Part of the Public Sector News Network

Islington calls for London-wide diesel ban

Islington council has called on the Mayor of London, Sadiq Khan, to ban diesel vehicles from operating in the city within the next decade, in a response to the Mayor’s Draft Transport Strategy.

The strategy, launched for consultation in July, promised massive support for low emission vehicles, aiming to make all taxis and private hire vehicles ‘zero emission capable’ by 2033 and buses by 2037 (see airqualitynews.com story).

Islington council has called for diesel cars to be banned from London by 2025

The strategy also outlined the Mayor’s aim to see London’s transport become ‘zero emission’ by 2050, with a proposal to set up several city centre zero emission zones to be set up from 2025, followed by an inner London zero emission zone by 2040.

However, Islington council has called for the Mayor to go further in his ambition, demanding measures to increase the uptake of walking and cycling, electrification of all rail lines in the capital and a default speed limit of 20 miles-per-hour on all roads across London.

The council has claimed that some of these policies have been pioneered in Islington and should be taken forward across the city.

Diesel

In addition Islington has claimed that the Mayor should seek to ban diesel vehicles from the city by the middle of the next decade.

Diesel vehicles are known to emit lower levels of CO2 than petrol vehicles, thus helping to reduce the impact of transport on climate change, and have therefore enjoyed favourable taxation rates compared to petrol cars.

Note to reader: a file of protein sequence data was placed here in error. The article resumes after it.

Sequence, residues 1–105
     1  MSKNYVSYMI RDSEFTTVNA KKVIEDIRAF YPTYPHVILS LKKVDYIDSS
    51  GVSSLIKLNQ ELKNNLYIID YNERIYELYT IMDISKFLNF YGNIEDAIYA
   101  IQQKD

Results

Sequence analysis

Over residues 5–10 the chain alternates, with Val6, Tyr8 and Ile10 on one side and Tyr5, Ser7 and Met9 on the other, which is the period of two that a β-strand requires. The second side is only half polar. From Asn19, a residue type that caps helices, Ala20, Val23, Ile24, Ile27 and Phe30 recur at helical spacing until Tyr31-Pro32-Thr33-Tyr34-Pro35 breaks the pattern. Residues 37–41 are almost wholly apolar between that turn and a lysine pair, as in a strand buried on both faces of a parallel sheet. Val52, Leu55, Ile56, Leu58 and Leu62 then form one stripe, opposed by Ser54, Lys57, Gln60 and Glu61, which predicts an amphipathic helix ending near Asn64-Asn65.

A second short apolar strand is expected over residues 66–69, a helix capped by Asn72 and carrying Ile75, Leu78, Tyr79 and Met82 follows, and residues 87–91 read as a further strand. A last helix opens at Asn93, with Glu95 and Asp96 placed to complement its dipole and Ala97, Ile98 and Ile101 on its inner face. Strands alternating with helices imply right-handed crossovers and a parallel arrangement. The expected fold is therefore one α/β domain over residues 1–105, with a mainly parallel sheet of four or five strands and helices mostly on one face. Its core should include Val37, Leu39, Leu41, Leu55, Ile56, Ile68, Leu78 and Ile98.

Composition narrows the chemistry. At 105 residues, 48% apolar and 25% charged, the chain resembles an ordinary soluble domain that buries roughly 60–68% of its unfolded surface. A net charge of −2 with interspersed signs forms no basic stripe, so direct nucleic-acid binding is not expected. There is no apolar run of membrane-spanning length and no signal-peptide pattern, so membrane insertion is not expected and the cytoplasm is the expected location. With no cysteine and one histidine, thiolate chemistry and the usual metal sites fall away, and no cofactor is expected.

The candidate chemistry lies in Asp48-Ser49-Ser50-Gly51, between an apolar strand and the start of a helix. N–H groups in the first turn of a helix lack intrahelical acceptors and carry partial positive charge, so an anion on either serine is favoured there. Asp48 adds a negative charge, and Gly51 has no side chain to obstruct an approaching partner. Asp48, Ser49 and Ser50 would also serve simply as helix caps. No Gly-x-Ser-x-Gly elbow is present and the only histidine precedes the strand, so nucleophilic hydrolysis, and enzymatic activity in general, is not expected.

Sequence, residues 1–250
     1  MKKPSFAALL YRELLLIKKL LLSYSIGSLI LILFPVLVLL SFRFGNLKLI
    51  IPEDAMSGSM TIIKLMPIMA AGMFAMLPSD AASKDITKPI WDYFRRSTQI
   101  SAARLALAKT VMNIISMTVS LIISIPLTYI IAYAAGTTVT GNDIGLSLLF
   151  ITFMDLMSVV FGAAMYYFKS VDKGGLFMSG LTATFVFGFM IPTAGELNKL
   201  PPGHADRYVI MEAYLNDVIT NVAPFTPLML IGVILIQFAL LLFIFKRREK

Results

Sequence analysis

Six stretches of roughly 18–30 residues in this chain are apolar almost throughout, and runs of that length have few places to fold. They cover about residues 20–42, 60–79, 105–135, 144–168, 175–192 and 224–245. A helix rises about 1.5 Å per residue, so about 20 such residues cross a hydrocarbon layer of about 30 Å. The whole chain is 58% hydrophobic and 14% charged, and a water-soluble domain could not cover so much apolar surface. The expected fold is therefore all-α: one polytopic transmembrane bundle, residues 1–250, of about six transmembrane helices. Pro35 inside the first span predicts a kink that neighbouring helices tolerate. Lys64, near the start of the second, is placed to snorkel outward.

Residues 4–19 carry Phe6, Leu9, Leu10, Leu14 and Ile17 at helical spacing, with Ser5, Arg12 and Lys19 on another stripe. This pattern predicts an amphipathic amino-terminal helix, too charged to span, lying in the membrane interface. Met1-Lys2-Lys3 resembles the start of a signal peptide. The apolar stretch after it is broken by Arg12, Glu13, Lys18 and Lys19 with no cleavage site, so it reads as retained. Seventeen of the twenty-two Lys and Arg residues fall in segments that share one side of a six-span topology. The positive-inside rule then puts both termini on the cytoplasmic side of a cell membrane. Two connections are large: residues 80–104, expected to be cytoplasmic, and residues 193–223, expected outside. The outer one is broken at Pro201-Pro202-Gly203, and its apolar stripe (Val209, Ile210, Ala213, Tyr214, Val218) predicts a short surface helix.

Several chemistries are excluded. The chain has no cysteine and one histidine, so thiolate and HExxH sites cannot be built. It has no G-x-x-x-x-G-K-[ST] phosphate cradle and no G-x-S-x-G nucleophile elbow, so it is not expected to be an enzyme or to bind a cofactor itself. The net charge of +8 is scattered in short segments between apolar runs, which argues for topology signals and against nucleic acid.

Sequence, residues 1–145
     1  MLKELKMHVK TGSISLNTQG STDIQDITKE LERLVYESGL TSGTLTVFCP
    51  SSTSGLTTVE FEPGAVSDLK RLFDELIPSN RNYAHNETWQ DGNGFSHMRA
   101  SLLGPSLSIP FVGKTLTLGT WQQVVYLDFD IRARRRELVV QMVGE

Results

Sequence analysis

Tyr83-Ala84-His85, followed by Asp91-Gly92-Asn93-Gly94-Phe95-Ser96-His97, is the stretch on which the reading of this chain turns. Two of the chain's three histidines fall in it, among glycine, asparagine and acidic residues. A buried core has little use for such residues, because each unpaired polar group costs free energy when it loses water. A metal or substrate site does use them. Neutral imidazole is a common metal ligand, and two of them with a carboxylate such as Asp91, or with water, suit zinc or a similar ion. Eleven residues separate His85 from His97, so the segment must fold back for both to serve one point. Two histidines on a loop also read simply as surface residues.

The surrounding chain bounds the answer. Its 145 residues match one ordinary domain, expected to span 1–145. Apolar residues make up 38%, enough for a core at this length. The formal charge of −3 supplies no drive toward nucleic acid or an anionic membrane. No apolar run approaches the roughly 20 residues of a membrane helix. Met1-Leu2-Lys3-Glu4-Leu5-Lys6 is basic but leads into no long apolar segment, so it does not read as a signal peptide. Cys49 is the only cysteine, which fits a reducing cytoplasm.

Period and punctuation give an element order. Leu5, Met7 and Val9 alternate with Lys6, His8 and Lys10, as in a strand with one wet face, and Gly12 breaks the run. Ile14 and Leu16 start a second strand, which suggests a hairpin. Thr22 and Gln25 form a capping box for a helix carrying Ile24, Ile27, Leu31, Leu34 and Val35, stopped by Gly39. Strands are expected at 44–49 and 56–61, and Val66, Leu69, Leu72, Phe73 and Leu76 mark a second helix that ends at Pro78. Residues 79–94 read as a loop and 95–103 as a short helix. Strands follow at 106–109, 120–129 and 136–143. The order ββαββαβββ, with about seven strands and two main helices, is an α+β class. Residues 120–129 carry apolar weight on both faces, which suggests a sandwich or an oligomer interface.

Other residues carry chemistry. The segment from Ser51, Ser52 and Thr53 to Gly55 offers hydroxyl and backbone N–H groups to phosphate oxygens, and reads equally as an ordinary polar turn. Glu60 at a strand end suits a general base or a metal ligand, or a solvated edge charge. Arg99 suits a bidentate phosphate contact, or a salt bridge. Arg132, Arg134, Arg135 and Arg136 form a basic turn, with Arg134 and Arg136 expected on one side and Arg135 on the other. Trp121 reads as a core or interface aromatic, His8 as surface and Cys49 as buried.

However, diesel cars, in particular those built prior to 2009, also emit higher levels of pollutants such as nitrogen oxides, which can worsen air quality and harm human health.

Councillor Claudia Webbe with Islington Council’s first on-street rapid charger

Councillor Claudia Webbe, the council’s executive member for environment & transport, said: “Islington has been at the forefront of pioneering many policies now being adopted across London, from 20mph speed limits to major transformations of road systems like the removal of Archway Gyratory.

“The Mayor’s strategy sets out a clear and positive plan for improving transport in London, as well as real action to tackle important issues like poor air quality. But we are calling for the Mayor to go further by backing our calls for diesel vehicles to be banned in London by 2025 and for more space for walking and cycling to be created.

“A key part of our efforts to make Islington a fairer place for all is to help people to lead healthier lives. We need a transport system that helps us to do that by encouraging walking and cycling, as well reducing poor air quality.”

The council has called for ‘major transformation schemes’ similar to its own Archway Gyratory removal, across the city to create more space for walking and cycling alongside improved public transport links.

T-Charge

Publication of Islington council’s response came shortly after the introduction of the T-Charge in central London, a £10 emissions surcharge for any pre-Euro IV diesel or petrol car operating in the centre of the city on weekdays (see airqualitynews.com story).

The Mayor of London has also outlined a long-term Environment Strategy, which was published in August, and outlines a range of measures to be implemented in the council to make London’s air quality ‘the cleanest of any world city by 2050’ (see airqualitynews.com story).

Comments are closed.